Can Medical Marijuana Help Your Practice Thrive?

Leigh Page


January 15, 2019

In This Article

Cannabis Use Restricted to Specific Conditions

State lists of approved conditions also hamper doctors' ability to recommend cannabis to patients. This can be frustrating for physicians when certain conditions that have responded well to cannabis treatments are not on the state list.

For example, chronic pain is the most commonly treated condition—making up 53% of all cannabis recommendations in New York, for example.[18] But chronic pain was not on the initial Illinois list, causing a great deal of frustration for doctors in the state, Liu says. That changed only in January 2018, when a judge ordered Illinois to add intractable pain as a qualifying condition. The judge held that the benefits outweighed the risks that the state brought up.

As a consequence of successful treatment for pain, New York, Illinois, and Pennsylvania allow medical marijuana to be substituted for opioids, as a way of reducing the epidemic of opioid abuse.

However, the list of the conditions for which states allow the use of cannabis does not generally follow research on what cannabis is most effective in treating. For example, 31 states list cannabis for HIV/AIDS and 30 states for cancer, which have shown less promising results, but only 19 states list cannabis for both epilepsy and chronic pain, which have shown much better results.[19]

In addition, the lists denote cannabis as a treatment for glaucoma (25 states), seizures (24 states), cachexia (23 states), Crohn disease (23 states), posttraumatic stress disorder (22 states), amyotrophic lateral sclerosis (20 states), multiple sclerosis (20 states), persistent muscle spasms (17 states), nausea (15 states), and Alzheimer disease (12 states).[19]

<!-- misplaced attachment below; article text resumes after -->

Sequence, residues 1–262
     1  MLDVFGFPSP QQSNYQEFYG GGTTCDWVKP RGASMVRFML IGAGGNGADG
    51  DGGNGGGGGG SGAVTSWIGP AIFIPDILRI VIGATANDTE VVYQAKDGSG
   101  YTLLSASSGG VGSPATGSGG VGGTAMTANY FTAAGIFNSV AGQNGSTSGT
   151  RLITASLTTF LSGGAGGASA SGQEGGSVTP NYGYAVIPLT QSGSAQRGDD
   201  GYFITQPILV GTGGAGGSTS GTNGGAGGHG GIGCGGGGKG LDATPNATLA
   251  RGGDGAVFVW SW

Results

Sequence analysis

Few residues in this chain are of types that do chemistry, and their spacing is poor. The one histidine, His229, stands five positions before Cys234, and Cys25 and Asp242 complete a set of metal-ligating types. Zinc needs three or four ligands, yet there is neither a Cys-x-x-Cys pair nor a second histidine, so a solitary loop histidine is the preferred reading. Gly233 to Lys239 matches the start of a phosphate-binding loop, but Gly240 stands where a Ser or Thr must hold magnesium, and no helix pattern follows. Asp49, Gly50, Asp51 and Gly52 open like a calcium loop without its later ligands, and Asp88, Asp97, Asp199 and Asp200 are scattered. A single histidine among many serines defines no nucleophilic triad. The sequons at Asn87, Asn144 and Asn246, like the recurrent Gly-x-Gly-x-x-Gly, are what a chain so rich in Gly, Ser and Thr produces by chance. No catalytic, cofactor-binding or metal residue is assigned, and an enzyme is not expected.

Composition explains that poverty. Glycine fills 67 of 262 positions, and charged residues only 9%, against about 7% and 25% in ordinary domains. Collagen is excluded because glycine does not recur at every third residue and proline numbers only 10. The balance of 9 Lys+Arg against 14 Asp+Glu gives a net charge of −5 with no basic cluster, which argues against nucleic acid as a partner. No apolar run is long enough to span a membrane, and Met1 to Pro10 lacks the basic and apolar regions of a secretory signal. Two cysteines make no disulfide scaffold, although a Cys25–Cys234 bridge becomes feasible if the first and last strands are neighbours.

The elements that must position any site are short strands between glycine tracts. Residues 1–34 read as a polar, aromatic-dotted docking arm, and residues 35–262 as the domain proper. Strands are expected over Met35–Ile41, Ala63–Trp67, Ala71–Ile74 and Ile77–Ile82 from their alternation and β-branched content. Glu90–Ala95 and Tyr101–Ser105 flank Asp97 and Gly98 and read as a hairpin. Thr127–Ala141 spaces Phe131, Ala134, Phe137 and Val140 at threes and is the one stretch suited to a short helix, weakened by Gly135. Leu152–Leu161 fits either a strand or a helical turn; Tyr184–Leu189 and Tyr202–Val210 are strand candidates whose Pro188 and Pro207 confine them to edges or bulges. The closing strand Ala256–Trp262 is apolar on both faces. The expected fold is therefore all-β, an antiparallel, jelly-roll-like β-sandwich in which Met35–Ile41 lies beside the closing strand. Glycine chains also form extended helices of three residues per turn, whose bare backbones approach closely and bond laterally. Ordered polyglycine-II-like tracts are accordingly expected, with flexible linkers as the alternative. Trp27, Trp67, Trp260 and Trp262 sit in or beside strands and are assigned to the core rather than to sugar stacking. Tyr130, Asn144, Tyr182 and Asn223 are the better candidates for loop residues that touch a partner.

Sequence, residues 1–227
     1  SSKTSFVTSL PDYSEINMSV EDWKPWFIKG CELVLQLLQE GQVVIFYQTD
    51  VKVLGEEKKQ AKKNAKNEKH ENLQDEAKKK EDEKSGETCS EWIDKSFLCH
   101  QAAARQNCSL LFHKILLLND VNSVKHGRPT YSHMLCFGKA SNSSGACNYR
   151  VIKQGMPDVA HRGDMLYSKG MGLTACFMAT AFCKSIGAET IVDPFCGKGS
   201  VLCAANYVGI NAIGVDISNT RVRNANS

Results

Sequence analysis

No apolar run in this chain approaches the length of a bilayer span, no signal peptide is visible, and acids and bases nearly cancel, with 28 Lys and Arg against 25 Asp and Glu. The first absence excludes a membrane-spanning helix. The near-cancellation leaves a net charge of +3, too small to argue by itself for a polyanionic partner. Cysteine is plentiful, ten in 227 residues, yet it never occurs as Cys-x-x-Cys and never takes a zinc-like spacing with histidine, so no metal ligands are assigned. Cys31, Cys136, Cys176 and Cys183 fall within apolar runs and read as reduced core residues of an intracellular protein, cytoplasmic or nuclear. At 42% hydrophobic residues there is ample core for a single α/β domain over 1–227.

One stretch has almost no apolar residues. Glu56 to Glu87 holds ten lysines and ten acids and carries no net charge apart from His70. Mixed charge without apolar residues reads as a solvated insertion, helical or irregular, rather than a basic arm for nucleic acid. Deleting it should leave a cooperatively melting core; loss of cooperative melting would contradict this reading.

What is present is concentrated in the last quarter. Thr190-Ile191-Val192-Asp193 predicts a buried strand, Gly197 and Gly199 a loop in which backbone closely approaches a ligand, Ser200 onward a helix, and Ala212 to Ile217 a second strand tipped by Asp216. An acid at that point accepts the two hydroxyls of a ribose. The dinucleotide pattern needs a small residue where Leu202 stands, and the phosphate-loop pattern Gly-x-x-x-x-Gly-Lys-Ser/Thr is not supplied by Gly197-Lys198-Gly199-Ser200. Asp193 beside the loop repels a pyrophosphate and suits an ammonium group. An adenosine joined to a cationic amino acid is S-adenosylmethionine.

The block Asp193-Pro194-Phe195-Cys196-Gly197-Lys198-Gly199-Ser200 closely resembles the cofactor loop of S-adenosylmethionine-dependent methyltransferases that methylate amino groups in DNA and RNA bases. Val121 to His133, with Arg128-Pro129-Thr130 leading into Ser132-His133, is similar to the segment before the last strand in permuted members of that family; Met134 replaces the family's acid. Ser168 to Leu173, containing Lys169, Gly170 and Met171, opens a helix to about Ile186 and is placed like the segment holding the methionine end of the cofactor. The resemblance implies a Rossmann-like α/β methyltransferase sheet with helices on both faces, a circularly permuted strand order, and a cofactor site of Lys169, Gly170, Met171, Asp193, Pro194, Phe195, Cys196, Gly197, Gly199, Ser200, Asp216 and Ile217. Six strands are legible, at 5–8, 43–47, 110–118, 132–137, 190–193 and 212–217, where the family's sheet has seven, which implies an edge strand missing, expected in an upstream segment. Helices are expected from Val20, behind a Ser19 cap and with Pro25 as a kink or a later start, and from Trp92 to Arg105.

Medical Marijuana and Malpractice Cases

Malpractice lawsuits have not been a problem for doctors recommending medical cannabis. In 2016, 21 years after California passed the first medical marijuana law, a review of the field did not find any precedential malpractice cases.[20]

The certification process protects you. Doctors are not prescribing the substances.

"The certification process protects you," Doner says. "Doctors are not prescribing the substances. They are only saying that the patient needs them. It's the dispensary that has the liability."

The picture is different for investigations by medical boards in certain states. Hergenrather reports that there were a lot of investigations in the early years of medical cannabis in California. One doctor lost his license when he recommended cannabis for an autistic child, he says. In another case, the state medical board charged a doctor with murder when his patient's car killed someone when the patient had taken marijuana.

But as medical cannabis becomes more accepted in California and the state moved on in 2016 to legalizing recreational marijuana, things have quieted down, Hergenrather says.


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